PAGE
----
Because rosettes do not die after flowering, Dyckia needs less main- tenance than would be usual with bromeliads that, after their single cycle of flowering, need to have dying "parent" rosettes removed to make room for the sprouting daughter rosettes. Further, the natural habit of Dyckia colonies is for the rosettes to grow extremely close together. The foliage of abutting rosettes overlaps and mingles; because the spines can be hooked, foliage can become interlaced rosette to rosette. Dyckia colonies are more than impenetrable; they are also stable for the long term. On both counts, then, there is no need to lift, divide, and reset rosettes to give additional space that will promote new growth and more flowering. Dyckia colonies are like clumps of peonies: comfortable growing in place on their own recognizance for decades.


Clip off spent flower stalks as low into the mound of tight and spiny basal foliage as you can. Should the occasional rosette die, reach into the colony with one hand—while wearing thick gloves and long sleeves!—to expose its base, and clip off the dead rosette with the other.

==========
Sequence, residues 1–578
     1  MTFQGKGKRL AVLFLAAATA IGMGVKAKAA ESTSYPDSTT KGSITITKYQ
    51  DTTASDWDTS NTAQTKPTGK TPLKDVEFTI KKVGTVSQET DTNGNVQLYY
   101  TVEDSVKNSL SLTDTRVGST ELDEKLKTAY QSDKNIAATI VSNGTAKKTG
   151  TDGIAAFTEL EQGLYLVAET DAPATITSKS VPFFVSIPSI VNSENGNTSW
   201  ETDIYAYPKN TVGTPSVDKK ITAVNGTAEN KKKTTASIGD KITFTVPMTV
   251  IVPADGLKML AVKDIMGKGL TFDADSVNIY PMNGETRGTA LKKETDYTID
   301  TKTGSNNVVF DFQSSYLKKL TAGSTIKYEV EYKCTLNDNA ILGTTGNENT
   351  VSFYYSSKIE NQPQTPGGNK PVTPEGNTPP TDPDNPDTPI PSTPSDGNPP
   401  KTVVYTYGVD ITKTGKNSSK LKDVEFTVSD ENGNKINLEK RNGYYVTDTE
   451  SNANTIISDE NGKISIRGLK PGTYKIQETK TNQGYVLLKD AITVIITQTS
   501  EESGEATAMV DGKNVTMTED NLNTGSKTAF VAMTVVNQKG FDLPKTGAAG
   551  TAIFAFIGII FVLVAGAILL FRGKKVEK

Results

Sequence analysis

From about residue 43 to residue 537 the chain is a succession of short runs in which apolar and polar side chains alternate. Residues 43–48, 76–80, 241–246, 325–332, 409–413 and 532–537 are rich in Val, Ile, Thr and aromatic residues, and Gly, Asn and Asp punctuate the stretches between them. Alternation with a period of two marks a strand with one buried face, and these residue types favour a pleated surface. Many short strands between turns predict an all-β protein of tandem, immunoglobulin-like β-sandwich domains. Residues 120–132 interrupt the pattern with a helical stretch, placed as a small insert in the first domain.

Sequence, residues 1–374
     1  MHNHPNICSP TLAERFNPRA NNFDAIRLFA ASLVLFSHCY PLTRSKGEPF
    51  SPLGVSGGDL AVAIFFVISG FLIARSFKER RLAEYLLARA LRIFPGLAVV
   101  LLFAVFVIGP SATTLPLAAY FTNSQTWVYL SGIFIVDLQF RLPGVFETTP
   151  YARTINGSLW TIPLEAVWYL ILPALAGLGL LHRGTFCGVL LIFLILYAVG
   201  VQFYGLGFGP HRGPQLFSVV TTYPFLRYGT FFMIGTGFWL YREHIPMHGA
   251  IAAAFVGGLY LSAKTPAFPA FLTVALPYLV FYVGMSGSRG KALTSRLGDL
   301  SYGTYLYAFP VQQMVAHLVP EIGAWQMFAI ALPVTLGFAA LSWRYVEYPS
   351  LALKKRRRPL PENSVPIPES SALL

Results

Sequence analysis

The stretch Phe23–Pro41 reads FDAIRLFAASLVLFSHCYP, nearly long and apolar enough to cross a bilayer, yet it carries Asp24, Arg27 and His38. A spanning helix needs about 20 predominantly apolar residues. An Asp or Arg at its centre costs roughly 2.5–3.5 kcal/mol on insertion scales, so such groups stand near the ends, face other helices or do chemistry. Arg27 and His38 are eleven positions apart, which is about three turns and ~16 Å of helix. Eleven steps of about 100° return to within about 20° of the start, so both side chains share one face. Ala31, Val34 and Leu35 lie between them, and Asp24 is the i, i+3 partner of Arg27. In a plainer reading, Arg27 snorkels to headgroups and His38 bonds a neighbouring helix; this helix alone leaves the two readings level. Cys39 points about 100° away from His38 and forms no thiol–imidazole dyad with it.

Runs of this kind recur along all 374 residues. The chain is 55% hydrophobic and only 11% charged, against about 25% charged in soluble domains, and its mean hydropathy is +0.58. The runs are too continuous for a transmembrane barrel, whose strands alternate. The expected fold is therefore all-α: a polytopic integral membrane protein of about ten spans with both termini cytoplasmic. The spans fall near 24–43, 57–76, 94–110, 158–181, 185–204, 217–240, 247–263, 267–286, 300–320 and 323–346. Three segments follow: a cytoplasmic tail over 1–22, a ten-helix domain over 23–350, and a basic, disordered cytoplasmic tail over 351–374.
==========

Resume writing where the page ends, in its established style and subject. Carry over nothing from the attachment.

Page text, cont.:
How to handle it: Another option—or two? 

When growing 'Cherry Cola' in a container, choose one with a larger diameter than you'd select if you were handling a succulent the same size as Dyckia, or one of its many bromeliad relatives that prefer to perch on tree limbs. Dyckia is a terrestrial bromeliad, and its root system will become more extensive than that of either a cactus or an epiphytic bromeliad of comparable size. As long as the soil is as well-draining as recommended (see "Culture," above), and the colony is not overwatered when dormant in the cooler months, Dyckia increases in size more quickly if given the additional root room. You can start out with a full-size container; one twelve or even fourteen inches across would be fine.


Place the plant in full sun. For once, in 'Cherry Cola' you really do have a container specimen that appreciates blasting-hot locations on terraces that would fry less tolerant choices. Unless rains are regular, water weekly during hot weather; twice a week if your climate also brings low humidity. You can fertilize once a month, too.